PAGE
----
This is a green-violet ear hummingbird, photographed in the Curi Cancha Reserve in Monteverde, Costa Rica. Curi Cancha is one of the smaller and lesser-known private reserves in Monteverde, eclipsed by the bigger names like the Cloud Forest Reserve, the Santa Elena Reserve, and the Children’s Eternal Rainforest. But Curi Cancha is one of my favorite places in the mountains, largely due to the huge diversity of hummingbird species, all concentrated in a single area. I’ve chased hummingbirds all across the United States, from my parents’s back porch in upstate South Carolina to Ramsey Canyon in southeastern Arizona, but I have never seen a greater diversity of species in one place than at Curi Cancha here in the cloud forest of Monteverde. 

I took this photo on the first day that I ever visited the Reserve; I was working as a photographer for a study abroad ecology program and it was a morning dedicated to research problems in the field. My plan that day was to catch a ride out to Curi Cancha with a pair of students conducting a hummingbird experiment there, take a couple photos, and then hike back up to the station where I could work with a different group doing research in the lab. But when I gained the first hill just past the gate at the Curi Cancha entrance and looked down to see the sheer number of hummingbirds darting back and forth across the little valley down below, I knew that I would not be making it back up to the station until the light was gone and all the birds asleep.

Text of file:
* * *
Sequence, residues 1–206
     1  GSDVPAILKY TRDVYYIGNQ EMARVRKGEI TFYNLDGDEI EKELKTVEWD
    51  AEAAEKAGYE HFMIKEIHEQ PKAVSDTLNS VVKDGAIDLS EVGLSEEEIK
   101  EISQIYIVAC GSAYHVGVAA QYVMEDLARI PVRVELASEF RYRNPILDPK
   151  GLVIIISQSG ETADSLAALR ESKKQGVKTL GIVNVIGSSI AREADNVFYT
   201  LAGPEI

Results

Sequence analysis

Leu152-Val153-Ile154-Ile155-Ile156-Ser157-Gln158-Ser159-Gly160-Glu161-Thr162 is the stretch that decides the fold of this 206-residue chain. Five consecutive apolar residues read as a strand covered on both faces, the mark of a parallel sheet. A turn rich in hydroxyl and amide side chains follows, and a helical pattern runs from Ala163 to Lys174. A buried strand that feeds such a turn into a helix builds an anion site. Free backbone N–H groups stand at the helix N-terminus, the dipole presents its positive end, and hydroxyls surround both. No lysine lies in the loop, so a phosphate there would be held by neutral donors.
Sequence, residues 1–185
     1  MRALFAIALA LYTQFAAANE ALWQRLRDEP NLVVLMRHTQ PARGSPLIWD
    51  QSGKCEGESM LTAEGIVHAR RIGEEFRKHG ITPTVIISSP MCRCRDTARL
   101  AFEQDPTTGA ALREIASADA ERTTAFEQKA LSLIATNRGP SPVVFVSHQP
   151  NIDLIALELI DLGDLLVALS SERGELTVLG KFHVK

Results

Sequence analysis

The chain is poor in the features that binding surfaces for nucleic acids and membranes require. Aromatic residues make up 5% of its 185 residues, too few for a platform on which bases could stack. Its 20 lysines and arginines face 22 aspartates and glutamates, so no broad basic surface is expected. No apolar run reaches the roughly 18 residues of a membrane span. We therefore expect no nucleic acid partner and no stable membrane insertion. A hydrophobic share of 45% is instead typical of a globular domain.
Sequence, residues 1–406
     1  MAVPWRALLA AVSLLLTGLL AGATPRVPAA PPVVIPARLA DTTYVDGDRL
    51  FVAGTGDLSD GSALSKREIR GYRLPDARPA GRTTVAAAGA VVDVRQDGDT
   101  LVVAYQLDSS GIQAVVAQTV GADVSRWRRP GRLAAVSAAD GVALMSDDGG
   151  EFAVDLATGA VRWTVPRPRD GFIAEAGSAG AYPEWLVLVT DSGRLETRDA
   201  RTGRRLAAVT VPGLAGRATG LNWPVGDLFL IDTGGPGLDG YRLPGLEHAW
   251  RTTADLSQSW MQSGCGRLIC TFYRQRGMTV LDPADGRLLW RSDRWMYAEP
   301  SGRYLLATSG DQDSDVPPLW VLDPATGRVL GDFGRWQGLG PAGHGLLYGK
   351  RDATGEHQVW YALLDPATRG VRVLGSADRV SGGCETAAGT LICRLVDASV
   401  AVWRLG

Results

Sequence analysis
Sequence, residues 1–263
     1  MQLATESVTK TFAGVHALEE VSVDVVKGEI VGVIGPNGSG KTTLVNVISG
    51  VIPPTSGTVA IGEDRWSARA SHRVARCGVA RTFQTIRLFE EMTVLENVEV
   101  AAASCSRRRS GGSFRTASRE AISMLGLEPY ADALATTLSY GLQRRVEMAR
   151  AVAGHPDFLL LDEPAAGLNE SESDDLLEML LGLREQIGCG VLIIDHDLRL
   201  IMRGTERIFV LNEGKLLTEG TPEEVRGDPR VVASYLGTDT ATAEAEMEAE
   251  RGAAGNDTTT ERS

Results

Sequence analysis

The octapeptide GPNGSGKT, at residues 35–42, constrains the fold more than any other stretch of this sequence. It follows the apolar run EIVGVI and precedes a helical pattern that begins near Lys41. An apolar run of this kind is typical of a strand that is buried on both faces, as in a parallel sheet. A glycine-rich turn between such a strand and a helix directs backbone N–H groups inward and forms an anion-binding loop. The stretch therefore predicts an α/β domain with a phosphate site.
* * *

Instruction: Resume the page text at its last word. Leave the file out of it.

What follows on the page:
This is one of probably three hundred photos that I took that day, and it symbolizes three important lessons that I learned at Curi Cancha: plans are really only useful when they’re changed; in three hundred photos, there will always be one good one; and always bring your headlamp, unless you want to hike back in the dark.